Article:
Comics : Marvel Adventures Spider-Man #27
This review was first published on: 2007.
Marvel Adventures: Spider-Man features terrific stand-alone stories of a classically themed Spider-Man, which are set in the modern-day world. Each story is set-up to evoke the look and feel of Stan Lee-style action, wrapped up a present-day art. Each story has no connection to other issues - other than that the recognizable elements of the Marvel Universe remaining the same (Pete is Spidey, JJJ runs the Bugle, etc.), and remains recognizable to even the most casual of readers). This all makes the comic series ideal for younger and/or new readers or even for older fans that are looking to read Spider-Man stories without having to deal with 45 years of continuity or the messy fallout of Marvel's recent Civil War event.
Marvel Adventures Spider-Man #27
Jul 2007 : SM Title
Summary: New Adventures of Spider-Man as a teen
|Reprinted In: Marvel Adventures Two-In-One #1|
Spider-Man and Night Thrasher team up to take on The Jester who has abducted an entire TV studio audience of a children's show, while the show is on the air, and is demanding a ransom.
As we open this story, Spidey and Night Thrasher are at each others throats in the middle of a TV studio while The Jester (a poor man's Joker) is watching them on a monitor. Flashing back to the beginning of the story, we find Peter along with Julie Simms, a reporter for The Daily Bugle. Julie and Peter have been assigned to do a news article on Dwayne Michael Taylor, the dour head of the Taylor Foundation. Taylor who has just purchased the number one children's network in order to - as he says - "...expose children to more worthwhile and educational programming." You see, Taylor feels that there is just way too much silliness on TV these days, and he wants to do something about it.
Taylor is also not very impressed with Peter's professionalism, and lets him know about it in so many words. During the course of the pre-interview that is occurring in the lobby of the TV studio that Taylor just purchased, the Jester is breaking into the building's loading dock, and weaseling his way into the on-air studio. Just as Peter is about to take his shot, all of the actors, from the set pile out of the studio in an all-fire hurry.
As they rush off shouting about a take-over of the studio, both Taylor (who is secretly Night Thrasher) and Peter (who is secretly Spider-Man) rush off in different directions; each to change into their superhero togs. Meanwhile, inside the studio, Jester and his miniature army of toy robots have taken over the studio and are holding the children in the studio audience hostage.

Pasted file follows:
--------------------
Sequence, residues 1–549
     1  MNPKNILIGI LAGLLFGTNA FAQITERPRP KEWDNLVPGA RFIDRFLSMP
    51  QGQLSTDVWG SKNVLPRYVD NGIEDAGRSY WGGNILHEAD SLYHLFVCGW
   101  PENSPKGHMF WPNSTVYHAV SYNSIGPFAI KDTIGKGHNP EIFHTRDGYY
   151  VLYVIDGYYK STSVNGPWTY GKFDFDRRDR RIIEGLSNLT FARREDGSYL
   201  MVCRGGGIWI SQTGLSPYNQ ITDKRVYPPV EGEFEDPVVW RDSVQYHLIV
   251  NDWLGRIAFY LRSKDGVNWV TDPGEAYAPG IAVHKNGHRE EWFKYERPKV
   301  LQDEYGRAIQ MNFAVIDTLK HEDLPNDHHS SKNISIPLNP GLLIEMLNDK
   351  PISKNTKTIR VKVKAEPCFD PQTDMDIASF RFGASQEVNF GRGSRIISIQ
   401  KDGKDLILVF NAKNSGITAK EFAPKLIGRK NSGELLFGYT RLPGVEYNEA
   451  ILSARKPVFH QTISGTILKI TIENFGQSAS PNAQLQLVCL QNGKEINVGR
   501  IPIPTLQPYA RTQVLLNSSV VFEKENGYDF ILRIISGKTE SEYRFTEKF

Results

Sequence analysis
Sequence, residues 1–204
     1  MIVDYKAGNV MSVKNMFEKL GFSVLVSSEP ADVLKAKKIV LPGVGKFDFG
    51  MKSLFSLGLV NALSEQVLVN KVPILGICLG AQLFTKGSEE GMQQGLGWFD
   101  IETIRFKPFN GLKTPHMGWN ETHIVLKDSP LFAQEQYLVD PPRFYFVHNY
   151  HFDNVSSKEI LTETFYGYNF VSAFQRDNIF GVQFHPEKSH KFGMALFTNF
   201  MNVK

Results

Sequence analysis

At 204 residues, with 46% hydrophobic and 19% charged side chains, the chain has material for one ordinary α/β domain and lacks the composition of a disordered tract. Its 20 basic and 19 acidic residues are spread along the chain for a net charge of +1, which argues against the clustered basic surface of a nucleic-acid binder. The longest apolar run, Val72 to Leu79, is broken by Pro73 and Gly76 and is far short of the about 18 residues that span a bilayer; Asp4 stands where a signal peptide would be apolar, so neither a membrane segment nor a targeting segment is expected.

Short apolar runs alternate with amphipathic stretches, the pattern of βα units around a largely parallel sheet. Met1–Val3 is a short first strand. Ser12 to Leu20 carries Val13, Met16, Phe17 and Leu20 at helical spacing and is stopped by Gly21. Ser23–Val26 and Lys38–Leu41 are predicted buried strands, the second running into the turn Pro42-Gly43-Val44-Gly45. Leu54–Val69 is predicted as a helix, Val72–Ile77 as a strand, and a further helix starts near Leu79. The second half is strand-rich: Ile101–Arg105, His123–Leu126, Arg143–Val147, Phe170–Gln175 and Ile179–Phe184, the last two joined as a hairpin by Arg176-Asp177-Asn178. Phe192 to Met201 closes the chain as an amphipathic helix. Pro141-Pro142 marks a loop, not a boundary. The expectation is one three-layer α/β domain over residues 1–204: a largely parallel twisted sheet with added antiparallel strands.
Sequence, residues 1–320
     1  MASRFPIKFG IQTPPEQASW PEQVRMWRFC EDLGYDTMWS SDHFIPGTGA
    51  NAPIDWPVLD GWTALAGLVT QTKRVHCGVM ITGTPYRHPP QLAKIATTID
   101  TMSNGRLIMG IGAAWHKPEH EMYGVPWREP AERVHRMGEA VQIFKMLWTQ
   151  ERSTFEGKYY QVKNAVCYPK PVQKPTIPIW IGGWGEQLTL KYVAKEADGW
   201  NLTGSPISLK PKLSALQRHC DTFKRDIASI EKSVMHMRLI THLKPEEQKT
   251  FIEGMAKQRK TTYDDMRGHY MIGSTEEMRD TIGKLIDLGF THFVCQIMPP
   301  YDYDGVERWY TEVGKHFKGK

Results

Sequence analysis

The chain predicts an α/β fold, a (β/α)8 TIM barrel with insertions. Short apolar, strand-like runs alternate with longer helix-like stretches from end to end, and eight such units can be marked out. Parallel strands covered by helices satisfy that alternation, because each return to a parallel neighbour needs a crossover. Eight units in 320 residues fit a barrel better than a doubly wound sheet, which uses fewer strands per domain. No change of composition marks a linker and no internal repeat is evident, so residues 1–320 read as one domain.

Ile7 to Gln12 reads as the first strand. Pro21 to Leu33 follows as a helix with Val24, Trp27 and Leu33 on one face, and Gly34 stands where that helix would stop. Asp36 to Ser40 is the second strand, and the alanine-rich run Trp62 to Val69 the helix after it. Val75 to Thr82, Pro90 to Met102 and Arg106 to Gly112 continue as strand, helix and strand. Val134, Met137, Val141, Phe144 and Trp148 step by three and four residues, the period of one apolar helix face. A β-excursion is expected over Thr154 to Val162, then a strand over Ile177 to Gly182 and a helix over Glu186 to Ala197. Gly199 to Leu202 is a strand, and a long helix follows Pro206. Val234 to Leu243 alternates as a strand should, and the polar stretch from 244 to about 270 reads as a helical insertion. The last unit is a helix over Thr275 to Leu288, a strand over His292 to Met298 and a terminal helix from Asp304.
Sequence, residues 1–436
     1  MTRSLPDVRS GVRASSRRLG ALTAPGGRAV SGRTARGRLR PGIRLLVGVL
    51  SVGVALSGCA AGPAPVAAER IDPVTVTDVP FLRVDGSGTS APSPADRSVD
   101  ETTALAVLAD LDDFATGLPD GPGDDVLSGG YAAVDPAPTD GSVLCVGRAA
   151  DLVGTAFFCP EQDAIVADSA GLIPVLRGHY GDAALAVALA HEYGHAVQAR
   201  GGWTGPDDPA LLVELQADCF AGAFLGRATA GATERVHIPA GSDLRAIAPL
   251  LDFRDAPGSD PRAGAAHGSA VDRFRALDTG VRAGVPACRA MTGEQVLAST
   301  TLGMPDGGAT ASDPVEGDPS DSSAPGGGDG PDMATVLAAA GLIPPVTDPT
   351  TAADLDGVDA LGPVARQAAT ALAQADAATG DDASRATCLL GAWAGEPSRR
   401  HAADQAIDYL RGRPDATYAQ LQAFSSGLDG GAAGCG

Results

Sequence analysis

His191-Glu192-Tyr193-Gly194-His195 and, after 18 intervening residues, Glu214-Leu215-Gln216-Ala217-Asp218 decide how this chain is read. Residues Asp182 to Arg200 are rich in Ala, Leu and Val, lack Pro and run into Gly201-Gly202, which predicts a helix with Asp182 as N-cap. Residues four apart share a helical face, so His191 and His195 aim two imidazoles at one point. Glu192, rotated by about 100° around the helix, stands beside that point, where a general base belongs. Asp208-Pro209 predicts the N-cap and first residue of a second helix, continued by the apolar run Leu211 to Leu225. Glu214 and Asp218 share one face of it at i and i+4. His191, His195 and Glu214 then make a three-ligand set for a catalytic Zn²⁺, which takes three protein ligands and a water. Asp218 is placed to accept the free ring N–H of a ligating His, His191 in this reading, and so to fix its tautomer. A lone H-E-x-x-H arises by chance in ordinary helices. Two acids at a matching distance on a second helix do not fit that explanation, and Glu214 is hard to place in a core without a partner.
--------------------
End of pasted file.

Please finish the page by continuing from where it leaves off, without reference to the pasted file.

Spidey and Thrasher both burst into the studio, attempting to stop Jester. Only they wind up getting both bested by jester and his robot hoard, as well as tripping over each other. Jester manages to toss both the heroes out of the window of the penthouse studio. Once they safely reach the ground, they argue over who did what and then, in an effort to better assess the situation, they both head off to Thrasher's secret lair.
Back at the Thrasher cave (or whatever he calls it) they pull up all the intel they have on the Jester and plan their next move. Back at the studio, Jester keeps trying to entertain the kids, but all he is doing is scaring them. When Thrasher leaves the room to whip up some device to help defeat Jester, Spidey realizes that he needs to reschedule Peter's photo shoot with Taylor and calls him up. Obviously, Taylor/Thrasher, who is in the next room, can't do the shoot now either, so quickly agrees.
Back at the studio, Jester is bombing worse than Leno on an off night and none to happy about it, when Spidery and Thrasher pop back in. However, to all appearances, they are still at odds with each other as their surprise attack quickly degenerates into yet another argument. Sick of their bickering, Jester gets ready to smack them both with pies, only the antics between the two heroes ultimately collapses into slapstick as they slip, trip, and fall over the pies and each other.
Frustrated beyond belief, Jester yells out "Fight me!" to which his robot minions do precisely that, and dogpile their master into the ground, thus ending his threat most dramatically. Even when he tries to set off the bomb he has planted, he learns that Thrasher has disarmed it while he was fighting off the robots.
The following day, Peter and Julie are back at the studio to finish the article and photo shoot. There Taylor demonstrates that he has (somehow) learned to loosen up (of course at Peter's expense).
Unfortunately, this has been my least-favorite issue of MA Spidey. The reason for that is that while the action all seemed in character. What I didn't understand is that both Spidey and Thrasher left the kids behind in the studio, held hostage by a crazy criminal, to recon back at the Thrasher cave. This part was just so badly written that I'm hoping that new writer Chris Kipiniak's work improves dramatically.
Overall, the story really doesn't work for me.
In normal continuity Taylor founded and subsidized the New Warriors, and was killed at the start of the Civil War event when Nitro blew up himself and much of downtown Stamford.